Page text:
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Senators Could Have an Impact Player in Christian Jaros

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The Slovakian defenceman could be a hidden gem.

Bronze Medal - 2015 IIHF World Junior Championship Photo by Dennis Pajot/Getty Images

“I want to be there with the big team.”

Although Christian Jaros was amongst the names in the Ottawa Senators’ first round of training camp cuts, he was not discouraged. The 21-year-old defenceman turned a lot of heads, as his two-way style with moments of flashiness made him one of the better players on the ice.

Picked in the 5th round in 2015, Jaros’ ascension up the Sens’ prospect depth chart has been steady. In Silver Seven’s annual Top 25 Under 25 series, Jaros went unranked in his draft year, rose to 16th in 2016 and most recently ranked 12th.

Jaros was born Kosice, Slovakia, although has been playing hockey in Sweden for the last four seasons. Now he’s looking to making his professional debut in North America, and judging by how he’s performed so far, he could be a potential candidate to make the roster sometime in 2017-18.

During his exit interview in 2016, the focus was on pure defence. It’s how he described his game, and also how the Sens’ staff had defined him. One year ago he gained a lot of media attention for his thundering hit on Sebastian Ohlsson, which further cemented his style of play in the minds of Sens fans. His biggest weakness was his skating (the reason he fell to where he did in the draft), although he appears to have taken significant strides.

Randy Lee offered the following quotes on Jaros:

“He’s ready to be a pro. I probably shouldn’t say this, but I think he’s going to be one of those guys you consider for a call up during the season. There is a transition from the European game to the North American game, but since he played big, important minutes in Lulea, I think he’s going to surprise people this year.”

“He’s not a shutdown guy. He’s an offensive guy. He plays the power play. He’s got a good shot. He moves the puck well. And he likes to play a physical game.”

Although Randy Lee has a tendency to overhype prospects, I’m very much in agreement with him here. This is quite the dramatic shift from his perception just a year earlier. So what exactly happened?

First and foremost, his skating has improved.

His improved skating allowed him to make another change: his ability to carry the puck into offensive zone. Instead of lurking back waiting to cut off the opposition, he’s found a lot more confidence with the puck on his stick, as seen above. This is what allowed him to be second in points per game amongst defencemen 21 or younger in the SHL last season, after scoring at nearly half the rate the previous season.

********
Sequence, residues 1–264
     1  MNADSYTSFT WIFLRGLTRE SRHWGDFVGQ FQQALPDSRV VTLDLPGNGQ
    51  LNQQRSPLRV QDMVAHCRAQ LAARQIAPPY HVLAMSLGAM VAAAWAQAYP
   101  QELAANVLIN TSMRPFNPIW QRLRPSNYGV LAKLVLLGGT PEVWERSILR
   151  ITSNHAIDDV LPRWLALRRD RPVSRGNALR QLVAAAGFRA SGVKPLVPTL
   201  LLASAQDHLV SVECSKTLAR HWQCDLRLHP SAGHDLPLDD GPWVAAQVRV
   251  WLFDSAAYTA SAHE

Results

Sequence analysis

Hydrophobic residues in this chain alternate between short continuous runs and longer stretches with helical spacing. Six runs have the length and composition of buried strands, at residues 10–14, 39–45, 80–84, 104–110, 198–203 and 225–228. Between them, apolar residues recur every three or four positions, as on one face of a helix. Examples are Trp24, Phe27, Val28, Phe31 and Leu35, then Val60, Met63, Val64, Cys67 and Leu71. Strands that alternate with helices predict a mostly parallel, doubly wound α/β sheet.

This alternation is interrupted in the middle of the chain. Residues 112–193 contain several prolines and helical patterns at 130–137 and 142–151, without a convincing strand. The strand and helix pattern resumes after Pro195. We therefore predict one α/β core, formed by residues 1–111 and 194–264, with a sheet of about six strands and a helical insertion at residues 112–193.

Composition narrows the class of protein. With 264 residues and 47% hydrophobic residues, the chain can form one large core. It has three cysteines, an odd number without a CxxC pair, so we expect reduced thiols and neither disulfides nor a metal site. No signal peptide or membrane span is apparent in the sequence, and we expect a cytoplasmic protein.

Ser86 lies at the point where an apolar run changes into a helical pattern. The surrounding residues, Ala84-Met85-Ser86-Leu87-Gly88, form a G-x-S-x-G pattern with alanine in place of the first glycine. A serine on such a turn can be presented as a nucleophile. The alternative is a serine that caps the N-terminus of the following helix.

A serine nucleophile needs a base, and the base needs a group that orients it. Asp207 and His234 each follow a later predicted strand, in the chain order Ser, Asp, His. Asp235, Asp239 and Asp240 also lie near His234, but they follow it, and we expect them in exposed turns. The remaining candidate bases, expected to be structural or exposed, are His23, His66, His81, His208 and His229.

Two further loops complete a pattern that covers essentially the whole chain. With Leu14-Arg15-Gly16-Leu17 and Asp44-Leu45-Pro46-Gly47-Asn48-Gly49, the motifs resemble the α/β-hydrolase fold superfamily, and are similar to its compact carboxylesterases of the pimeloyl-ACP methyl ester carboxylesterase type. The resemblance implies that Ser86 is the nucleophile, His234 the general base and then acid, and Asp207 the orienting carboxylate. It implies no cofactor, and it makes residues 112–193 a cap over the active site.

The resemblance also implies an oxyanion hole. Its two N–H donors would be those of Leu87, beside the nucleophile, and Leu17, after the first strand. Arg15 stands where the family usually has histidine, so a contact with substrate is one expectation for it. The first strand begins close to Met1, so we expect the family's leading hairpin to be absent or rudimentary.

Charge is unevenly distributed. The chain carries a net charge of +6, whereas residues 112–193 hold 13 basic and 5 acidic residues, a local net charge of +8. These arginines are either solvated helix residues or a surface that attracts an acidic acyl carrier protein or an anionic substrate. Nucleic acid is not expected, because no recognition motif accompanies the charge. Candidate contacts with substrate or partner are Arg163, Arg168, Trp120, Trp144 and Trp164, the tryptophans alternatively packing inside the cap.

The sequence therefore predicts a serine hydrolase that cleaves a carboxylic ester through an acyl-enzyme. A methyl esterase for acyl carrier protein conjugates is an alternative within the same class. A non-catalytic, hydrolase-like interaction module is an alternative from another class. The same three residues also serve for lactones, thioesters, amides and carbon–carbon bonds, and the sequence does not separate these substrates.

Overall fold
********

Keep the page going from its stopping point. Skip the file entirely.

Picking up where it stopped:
Jaros has also been less hesitant to use his powerful shot, which netted him a goal in the rookie tournament.

And how can we talk about Jaros without mentioning his outstanding defensive acumen. At 6’3” and 214 lbs, he has a knack for throwing big hits. He uses them effectively, however, as a means to maximize his gap control and turn over the puck. And man, can he hit.

As of now it appears Randy Lee wants Jaros to play in the AHL for 2017-18, although there’s a slight caveat. Jaros is still under contract with Luleå HF, his team in Sweden, as well as his entry-level contract with the Senators. According to the NHL-SHL transfer agreement, all non-first round picks under the age of 22 have to be offered back to their SHL club before being assigned to North America. Jaros falls into this category.

This means that Luleå has the opportunity to bring Jaros back with Ottawa not being able to do anything about it, although as past situations have shown, communication between the two sides can lead to the prospect being released to North America. Some recent examples of this include Pontus Åberg and Viktor Arvidsson, who were both released by their clubs to Nashville in 2014.

A decision might have already been made behind closed doors, although there’s been some recent excitement from Luleå fans on the possibility of a Jaros return. General manager of Luleå Stefan Nilsson had the following to offer last week in an article from Swedish journal NSD:

(Translated)

"We follow the team and team building all the time. Now it's Jaros who's still over there that we follow and keep in touch with. So it will be the first thing we will figure out if he stays there or if he wants and can come home. This is the closest to us here. Depending on how it ends and what decision is taken, we will see how we move on”, says [Nilsson].

If Jaros is left, are you open to recruit?

"I do not want to go in and wonder about it, but first and foremost, we want to make a decision with Jaros if he stays or not.”

Does it seem good to him?

"It's fine, and I'm not surprised.”

Is there money left?

"We have Jaros as a trail we will follow, then we'll see how things are with him.”

Although this may come as a bit of a surprise, the fact that Jaros is still in Belleville is a good sign. Considering how this has been handled in the past, I expect Luleå will end up releasing him to North America where he can develop closer to Ottawa.

This would be fantastic news for Sens fans, as Jaros looks to be Ottawa’s fourth best option amongst right-shot defencemen. An injury or trade could give Jaros the right opportunity to shine. He’s improved his weaknesses and added to his strengths, making Christian Jaros a potential hidden gem to make an impact this season in the NHL.